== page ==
The solution: View the customer experience through the audience’s lens, and create only the touchpoints that can be fully formed at launch, fully integrated with others, and meaningful to the overall experience.


CUSTOMER EXPERIENCES: THE FINISH LINE.

What can truly great, integrated customer experiences do for companies? Three things:

Create excitement instead of confusion.

Change is scary and sometimes bewildering—especially if it is imposed unexpectedly. But what if companies introducing new technologies, new touchpoints and new ways to interact with their brands instead used the opportunity to promote the experience beforehand, communicate with customers about benefits and create excitement for the new and improved? Confusion could be alleviated, and the expectation could be set at “Yeah!” rather than “What?”

Simplify instead of creating complexity.

Generally speaking, the point of most new (and most digital) touchpoints is to simplify things, but if the experience doesn’t help streamline the interaction, you’re only adding complexity. Technology should be invisible, not an extra step or barrier that adds work for customers simply trying to get what they need and then get on with their lives.

Create meaningful differentiation.

Ceating meaningful differentiation through omnichannel

When all your dots are connected and your customer experiences are meaningful, seamless, and truly adds value, it’s a clear differentiator. Take fast-casual restaurant chain Panera. Many restaurants have gluten-free, vegetarian, organic and natural offerings, but Panera owns the category with clear communication of its versatile meals, healthy options and customizable offerings like “add your own sweet” tea stations on every channel possible—in store, in radio and television commercials and online communications. They’ve also been very successful in finding new ways to streamline their respective customer experiences, from table delivery to order-ahead and kiosk ordering. Over the whole “menu” of interactions, they provide an integrated message that cuts through the clutter and reaches hungry customers at every turn.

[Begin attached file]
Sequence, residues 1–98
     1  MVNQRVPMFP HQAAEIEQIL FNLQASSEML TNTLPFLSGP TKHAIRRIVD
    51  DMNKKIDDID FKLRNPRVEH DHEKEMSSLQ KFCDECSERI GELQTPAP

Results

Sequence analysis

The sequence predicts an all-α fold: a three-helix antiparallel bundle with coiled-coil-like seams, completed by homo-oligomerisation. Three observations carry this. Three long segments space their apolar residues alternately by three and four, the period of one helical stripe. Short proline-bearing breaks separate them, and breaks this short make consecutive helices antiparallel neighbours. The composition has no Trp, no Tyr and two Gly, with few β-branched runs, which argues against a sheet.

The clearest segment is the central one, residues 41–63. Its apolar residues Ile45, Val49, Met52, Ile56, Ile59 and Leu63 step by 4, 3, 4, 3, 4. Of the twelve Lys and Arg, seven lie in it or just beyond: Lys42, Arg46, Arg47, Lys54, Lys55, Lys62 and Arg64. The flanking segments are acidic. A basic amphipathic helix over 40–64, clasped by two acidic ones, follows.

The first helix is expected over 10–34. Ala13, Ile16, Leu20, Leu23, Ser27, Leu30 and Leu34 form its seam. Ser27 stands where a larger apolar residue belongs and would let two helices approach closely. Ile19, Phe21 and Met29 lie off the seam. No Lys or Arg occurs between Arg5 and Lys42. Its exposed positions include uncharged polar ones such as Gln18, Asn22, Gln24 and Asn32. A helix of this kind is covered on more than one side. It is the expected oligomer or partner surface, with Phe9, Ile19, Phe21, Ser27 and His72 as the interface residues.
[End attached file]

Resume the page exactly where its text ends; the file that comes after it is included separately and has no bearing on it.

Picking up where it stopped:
When you think of your brand’s customer touchpoints, do they feel more like a constellation of disconnected dots or a clearly connected pathway toward brand awareness and loyalty? If it’s the second, it could be time to think through the customer experiences you offer from the customer’s perspective, break out of institutional silos, and get out the pencil and paper and connect the dots.